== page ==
Scott Walker says Marco Rubio could be his VP. Trolling?

At the moment, Scott Walker's star is not ascending. His suggestion that the younger Marco Rubio, who is on the rise, might make a good VP choice is a classic bid to blunt that momentum.

Gerry Broome/AP
Scott Walker speaks during the North Carolina Republican Party convention in Raleigh, N.C., on June 5, 2015. The Wisconsin governor has not yet announced a bid for the presidency, but is polling at No. 3 among likely GOP contenders.

Scott Walker thinks he and Marco Rubio might make a pretty good team.

The Wisconsin governor hasn’t actually entered the presidential race yet, but he’s already talking up Senator Rubio as the potential vice-presidential half of a Walker-Rubio ticket.

“I’ve actually had quite a few people, grass-roots supporters, donors, and others, who have made that suggestion,” Governor Walker told Bloomberg Politics when asked about pairing with Rubio as his VP.

“For now, you know, Marco is a quality candidate. He’s going to be formidable in this race as things progress,” Walker told Bloomberg’s John McCormick and Mark Halperin. “And if we were to get in, we’d be as well, and we’ll see where things take us.”

Is there a subtext in this comment? We’d say there is. But first, we’d like to congratulate Walker on his use of the plural “we” for a singular personal reference. We’d say that’s a mark of rhetorical distinction.

Back to the subtext: At the moment, Walker’s star is not ascending. He’s kind of at a point of stasis: GOP insiders and the punditocracy still think he’s a formidable potential contender and a possible nominee, but he’s no longer the hot take of the moment. That would be Rubio, who’s been gaining momentum as fellow Floridian Jeb Bush flounders. Rubio’s also been hit by some over-the-top New York Times stories this week, which is always good for your standing among conservatives.

If you don’t believe us, maybe you’ll believe The Washington Post: The Post’s “The Fix” political blog puts Rubio at No. 1 in its most recent GOP hopeful power rankings.

“Rubio’s charisma, personal story and youth have combined to make him the ‘it’ candidate for the GOP at the moment,” write Chris Cillizza and Aaron Blake of "The Fix."

That might gall Walker. He is older, has more executive experience, and faced down the public-sector unions in Wisconsin, darn it. Yet he’s only No. 3, according to "The Fix."

At the very least, he and his campaign team would like to blunt Rubio’s rise. Why not suggest the obvious: the young Rubio might make a good VP choice? Slap him into the back end of the Walker-Rubio ticket, and you’re implicitly pointing out that Walker has senior standing.

Don’t think politics is that ... overt? You’ve never heard a room of professional consultants cackle over their moves. And if it were us, Rubio would respond. Asked whether he’d run as Walker’s second banana, Rubio should say: “When I’m in the White House, Scott Walker will be a crucial part of my team. I pledge I’ll appoint him my secretary of Labor.”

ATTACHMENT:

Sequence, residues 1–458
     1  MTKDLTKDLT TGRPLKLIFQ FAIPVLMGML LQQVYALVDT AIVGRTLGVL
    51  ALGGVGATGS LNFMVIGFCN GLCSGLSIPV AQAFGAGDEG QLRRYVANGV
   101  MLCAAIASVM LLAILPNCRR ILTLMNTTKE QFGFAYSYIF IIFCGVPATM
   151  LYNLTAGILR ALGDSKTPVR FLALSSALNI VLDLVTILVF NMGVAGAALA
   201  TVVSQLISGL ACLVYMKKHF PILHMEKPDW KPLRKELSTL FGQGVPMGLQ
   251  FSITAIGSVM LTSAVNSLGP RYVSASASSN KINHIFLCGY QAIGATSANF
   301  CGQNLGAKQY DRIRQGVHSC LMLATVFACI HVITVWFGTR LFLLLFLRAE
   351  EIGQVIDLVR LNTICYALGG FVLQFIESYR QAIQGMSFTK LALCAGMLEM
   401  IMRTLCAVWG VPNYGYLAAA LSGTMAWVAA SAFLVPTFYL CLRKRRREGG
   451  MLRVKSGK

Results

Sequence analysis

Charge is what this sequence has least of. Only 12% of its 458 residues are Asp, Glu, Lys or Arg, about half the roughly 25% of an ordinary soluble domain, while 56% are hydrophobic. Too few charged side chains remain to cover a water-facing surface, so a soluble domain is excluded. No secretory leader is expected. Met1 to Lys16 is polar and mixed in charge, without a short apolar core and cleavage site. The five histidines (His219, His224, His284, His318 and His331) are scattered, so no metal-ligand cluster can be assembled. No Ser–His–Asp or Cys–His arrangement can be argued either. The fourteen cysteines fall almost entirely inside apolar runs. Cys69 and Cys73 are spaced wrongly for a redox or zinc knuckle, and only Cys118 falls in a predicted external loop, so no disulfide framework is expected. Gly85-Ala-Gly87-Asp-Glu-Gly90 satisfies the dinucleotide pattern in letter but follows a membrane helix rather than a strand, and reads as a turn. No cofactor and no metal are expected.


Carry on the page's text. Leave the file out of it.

You've read  of  free articles. Subscribe to continue.

Dear Reader,

About a year ago, I happened upon this statement about the Monitor in the Harvard Business Review – under the charming heading of “do things that don’t interest you”:

“Many things that end up” being meaningful, writes social scientist Joseph Grenny, “have come from conference workshops, articles, or online videos that began as a chore and ended with an insight. My work in Kenya, for example, was heavily influenced by a Christian Science Monitor article I had forced myself to read 10 years earlier. Sometimes, we call things ‘boring’ simply because they lie outside the box we are currently in.”

If you were to come up with a punchline to a joke about the Monitor, that would probably be it. We’re seen as being global, fair, insightful, and perhaps a bit too earnest. We’re the bran muffin of journalism.

But you know what? We change lives. And I’m going to argue that we change lives precisely because we force open that too-small box that most human beings think they live in.

The Monitor is a peculiar little publication that’s hard for the world to figure out. We’re run by a church, but we’re not only for church members and we’re not about converting people. We’re known as being fair even as the world becomes as polarized as at any time since the newspaper’s founding in 1908.

We have a mission beyond circulation, we want to bridge divides. We’re about kicking down the door of thought everywhere and saying, “You are bigger and more capable than you realize. And we can prove it.”

If you’re looking for bran muffin journalism, you can subscribe to the Monitor for $15. You’ll get the Monitor Weekly magazine, the Monitor Daily email, and unlimited access to CSMonitor.com.